Our Relationship With Frustration
Those who know me in some capacity would see that I’m very good at videogames™. Friends and acquaintances alike have instinctively bowed down to my superior understanding of the medium whenever I pantomime tapping away at the keyboard or a controller between extended bouts of gaming, like going to work or anything else of much less consequence. That’s why I would think I’m pretty worthy of writing about Getting Over It With Bennett Foddy, the latest videogame from the creator of frustratingly brutal running simulator, QWOP, because it is a Very Difficult Game.
To be honest, Getting Over It is more akin to a life-long challenge than a videogame. Unless you have hours to spare and a boundless supply of patience, it’s quite likely most will never get to see the game to completion. As a man stuck in a cauldron and armed with the handiest of sledgehammers, your only task is to climb as high as you can, be it over rocky terrains, massive landfills, abandoned buildings, household items or even a playground. I once saw someone take eight hours to complete the game and many other streamers rage-quitting upon a major setback. And to add salt to the wound, creator Bennett Foddy even dispenses some nuggets of wisdom about embracing failure, just as you inevitably fall from a height you’ve been struggling with for the past hour. It’s grueling and antagonistic.
Frustration is a uniquely videogame experience. We play games, we screw up and then we die in agony. We tear our hair out in exasperation, scream at our screens till spittle coats the scream, and stare at our controllers incredulously as if they have let us down. A particularly relentless brand of frustration is also the hallmark of Foddy’s games and, while he usually stretches this mood to its fiendish limits, he also sees it as an integral form of motivation for most games. As he explained to Keith Stuart of Guardian, “Players who are trying to play well are typically more engaged in the game. We’re trying to build engagement, so players can have that experience—which videogames are so great at providing—of being completely immersed and involved.”
Yet, too much frustration can lose players very quickly, particularly if it’s a result of poor game design, like the impossibility of jumping from one ledge to another due to poor camera placement. Foddy’s games aren’t the most accessible—trying to get the runner in QWOP to walk is a sheer feat in itself—but his games’ sheer potential for streaming have caused them to explode in popularity. The drive to succeed against all odds is intoxicating. Watching people fail is pure schadenfreude.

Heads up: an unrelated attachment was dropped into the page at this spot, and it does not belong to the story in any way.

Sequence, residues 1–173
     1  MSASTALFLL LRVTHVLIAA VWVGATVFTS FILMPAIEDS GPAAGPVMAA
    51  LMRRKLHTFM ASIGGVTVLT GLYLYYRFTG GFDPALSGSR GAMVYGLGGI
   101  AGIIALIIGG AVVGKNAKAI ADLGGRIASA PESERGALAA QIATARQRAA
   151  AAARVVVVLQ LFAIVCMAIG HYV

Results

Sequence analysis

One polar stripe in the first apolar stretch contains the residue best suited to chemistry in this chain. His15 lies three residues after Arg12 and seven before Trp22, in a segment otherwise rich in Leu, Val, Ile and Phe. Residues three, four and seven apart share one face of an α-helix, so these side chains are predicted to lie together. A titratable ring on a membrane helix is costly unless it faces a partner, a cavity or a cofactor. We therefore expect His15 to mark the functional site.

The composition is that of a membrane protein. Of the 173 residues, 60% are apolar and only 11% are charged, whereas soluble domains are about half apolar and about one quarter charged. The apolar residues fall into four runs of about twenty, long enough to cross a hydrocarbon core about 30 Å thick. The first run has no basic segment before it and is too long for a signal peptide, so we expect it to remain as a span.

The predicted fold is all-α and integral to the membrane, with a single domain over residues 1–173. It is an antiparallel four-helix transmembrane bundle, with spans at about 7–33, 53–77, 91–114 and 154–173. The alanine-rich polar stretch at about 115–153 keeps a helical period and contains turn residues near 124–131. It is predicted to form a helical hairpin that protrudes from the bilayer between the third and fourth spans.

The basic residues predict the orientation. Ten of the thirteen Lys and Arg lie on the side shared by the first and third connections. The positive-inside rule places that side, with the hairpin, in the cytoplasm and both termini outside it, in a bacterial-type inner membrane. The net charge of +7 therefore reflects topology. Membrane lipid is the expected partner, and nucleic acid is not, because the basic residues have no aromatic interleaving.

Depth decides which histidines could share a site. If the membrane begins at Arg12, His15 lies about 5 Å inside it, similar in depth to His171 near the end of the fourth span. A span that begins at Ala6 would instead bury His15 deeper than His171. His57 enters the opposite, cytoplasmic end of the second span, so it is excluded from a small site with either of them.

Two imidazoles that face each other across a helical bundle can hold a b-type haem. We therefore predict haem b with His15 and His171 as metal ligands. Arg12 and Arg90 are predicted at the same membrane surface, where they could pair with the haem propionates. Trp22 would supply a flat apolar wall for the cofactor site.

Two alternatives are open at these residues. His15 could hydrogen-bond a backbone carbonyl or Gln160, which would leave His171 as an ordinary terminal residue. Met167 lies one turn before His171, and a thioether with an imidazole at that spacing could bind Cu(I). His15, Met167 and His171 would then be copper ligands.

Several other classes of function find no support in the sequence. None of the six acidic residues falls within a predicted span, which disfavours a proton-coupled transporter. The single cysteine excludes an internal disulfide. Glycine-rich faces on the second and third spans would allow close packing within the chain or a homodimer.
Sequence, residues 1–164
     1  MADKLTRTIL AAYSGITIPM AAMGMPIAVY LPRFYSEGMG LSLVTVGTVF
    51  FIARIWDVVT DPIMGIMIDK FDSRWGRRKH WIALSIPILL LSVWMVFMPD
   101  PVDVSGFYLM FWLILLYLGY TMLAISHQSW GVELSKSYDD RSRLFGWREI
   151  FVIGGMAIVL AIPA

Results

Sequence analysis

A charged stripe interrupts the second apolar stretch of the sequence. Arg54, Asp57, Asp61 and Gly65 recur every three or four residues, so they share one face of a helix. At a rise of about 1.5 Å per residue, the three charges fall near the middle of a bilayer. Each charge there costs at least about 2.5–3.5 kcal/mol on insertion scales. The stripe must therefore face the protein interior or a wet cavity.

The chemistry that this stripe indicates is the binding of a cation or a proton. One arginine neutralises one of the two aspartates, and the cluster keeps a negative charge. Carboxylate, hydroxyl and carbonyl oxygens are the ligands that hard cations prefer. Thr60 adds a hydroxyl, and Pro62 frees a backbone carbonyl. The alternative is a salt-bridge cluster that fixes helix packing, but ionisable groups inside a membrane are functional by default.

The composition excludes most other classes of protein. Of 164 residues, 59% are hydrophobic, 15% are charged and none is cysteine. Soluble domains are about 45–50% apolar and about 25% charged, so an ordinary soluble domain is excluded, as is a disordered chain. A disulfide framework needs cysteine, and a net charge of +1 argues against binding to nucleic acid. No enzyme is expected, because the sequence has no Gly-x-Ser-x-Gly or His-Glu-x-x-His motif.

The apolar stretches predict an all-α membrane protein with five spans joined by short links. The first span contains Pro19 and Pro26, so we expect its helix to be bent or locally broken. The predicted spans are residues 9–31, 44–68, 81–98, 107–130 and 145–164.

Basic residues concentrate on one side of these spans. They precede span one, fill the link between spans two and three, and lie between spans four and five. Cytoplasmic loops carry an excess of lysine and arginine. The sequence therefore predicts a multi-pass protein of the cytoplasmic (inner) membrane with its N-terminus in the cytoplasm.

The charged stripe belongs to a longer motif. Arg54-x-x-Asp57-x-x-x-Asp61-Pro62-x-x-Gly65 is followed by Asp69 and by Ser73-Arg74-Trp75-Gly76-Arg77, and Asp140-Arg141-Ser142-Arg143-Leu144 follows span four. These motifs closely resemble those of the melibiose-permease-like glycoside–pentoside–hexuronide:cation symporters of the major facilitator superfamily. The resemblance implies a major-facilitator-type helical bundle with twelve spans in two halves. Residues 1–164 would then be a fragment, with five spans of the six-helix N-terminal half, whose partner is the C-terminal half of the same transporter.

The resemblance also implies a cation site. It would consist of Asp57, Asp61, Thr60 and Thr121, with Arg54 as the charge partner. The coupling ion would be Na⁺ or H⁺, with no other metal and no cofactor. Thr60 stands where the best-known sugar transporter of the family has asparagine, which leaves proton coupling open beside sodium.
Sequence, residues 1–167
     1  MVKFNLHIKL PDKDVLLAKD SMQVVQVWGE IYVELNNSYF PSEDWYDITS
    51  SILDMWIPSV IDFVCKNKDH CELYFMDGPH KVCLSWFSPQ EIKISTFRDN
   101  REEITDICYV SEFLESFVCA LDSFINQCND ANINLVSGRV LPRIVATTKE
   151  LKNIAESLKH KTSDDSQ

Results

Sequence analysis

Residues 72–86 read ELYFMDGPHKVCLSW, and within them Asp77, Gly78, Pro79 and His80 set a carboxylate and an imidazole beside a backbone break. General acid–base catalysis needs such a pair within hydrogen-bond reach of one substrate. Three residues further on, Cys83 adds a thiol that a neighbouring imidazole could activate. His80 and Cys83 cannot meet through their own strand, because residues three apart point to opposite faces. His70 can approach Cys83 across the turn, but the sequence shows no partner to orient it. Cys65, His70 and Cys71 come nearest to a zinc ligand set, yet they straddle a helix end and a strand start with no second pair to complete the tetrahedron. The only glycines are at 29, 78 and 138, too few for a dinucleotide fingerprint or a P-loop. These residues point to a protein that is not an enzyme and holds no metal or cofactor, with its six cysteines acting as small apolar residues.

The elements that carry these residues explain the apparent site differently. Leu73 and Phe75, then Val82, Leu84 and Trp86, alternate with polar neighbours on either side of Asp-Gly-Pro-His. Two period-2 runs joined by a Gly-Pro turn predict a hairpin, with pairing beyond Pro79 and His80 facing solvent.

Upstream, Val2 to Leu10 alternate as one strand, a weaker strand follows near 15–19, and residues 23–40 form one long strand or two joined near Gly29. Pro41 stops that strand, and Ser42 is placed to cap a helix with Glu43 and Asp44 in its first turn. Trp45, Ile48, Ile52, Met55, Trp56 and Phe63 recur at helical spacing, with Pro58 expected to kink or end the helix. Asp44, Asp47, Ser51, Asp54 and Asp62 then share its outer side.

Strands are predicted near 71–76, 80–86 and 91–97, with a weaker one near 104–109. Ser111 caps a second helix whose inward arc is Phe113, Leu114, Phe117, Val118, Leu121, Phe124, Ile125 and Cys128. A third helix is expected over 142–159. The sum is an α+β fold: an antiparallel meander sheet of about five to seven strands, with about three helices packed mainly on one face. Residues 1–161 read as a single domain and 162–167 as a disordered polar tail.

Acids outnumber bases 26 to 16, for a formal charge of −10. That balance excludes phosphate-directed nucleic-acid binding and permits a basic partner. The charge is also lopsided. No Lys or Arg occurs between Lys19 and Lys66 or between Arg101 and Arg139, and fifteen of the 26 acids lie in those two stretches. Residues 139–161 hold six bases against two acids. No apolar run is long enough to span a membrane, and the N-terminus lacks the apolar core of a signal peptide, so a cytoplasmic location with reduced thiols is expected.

But more than just the crushing sense of loss, frustration feels like failure and a destruction of our self-image. It may feel like an uncomfortable realization of our lack of skills, which, incidentally, is an incredibly touchy subject in the community. Games critic and journalists who aren’t skilled enough are deemed undeserving of their jobs. Struggling players are told to “git gud” and slammed with hostility. And according to some, only the best and the most elite get to attach the mantle of “gamer” to their identity. While undoubtedly frustrating, failing in Getting Over It doesn’t feel quite as salty. Failure in this instance isn’t tied to our self-esteem, since everyone fails. Pewdiepie fails. Markiplier fails. Jacksepticeye fails.
If failure becomes personal, then the salty taste of frustration will overwhelm your senses. Getting Over It is phenomenally frustrating, but it’s created precisely because Foddy wants you to be hurt. He wants players to experience new depths of fury they have not felt before. This frustration is intrinsic to the game design. It may say nothing of your abilities to climb a mountain of junk. You’ll be angry, but only for a while. You’ll be fine.